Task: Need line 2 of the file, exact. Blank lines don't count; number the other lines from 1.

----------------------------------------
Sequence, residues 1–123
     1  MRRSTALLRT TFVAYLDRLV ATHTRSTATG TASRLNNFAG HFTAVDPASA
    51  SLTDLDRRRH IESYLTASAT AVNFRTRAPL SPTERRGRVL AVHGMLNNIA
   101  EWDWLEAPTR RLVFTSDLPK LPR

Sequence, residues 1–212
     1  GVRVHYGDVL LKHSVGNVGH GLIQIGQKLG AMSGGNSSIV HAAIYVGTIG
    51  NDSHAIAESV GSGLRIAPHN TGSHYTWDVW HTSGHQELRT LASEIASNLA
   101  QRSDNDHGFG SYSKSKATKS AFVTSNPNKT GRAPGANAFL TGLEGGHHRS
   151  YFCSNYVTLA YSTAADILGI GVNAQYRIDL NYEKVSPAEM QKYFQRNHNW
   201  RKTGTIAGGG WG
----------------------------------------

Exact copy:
     1  MRRSTALLRT TFVAYLDRLV ATHTRSTATG TASRLNNFAG HFTAVDPASA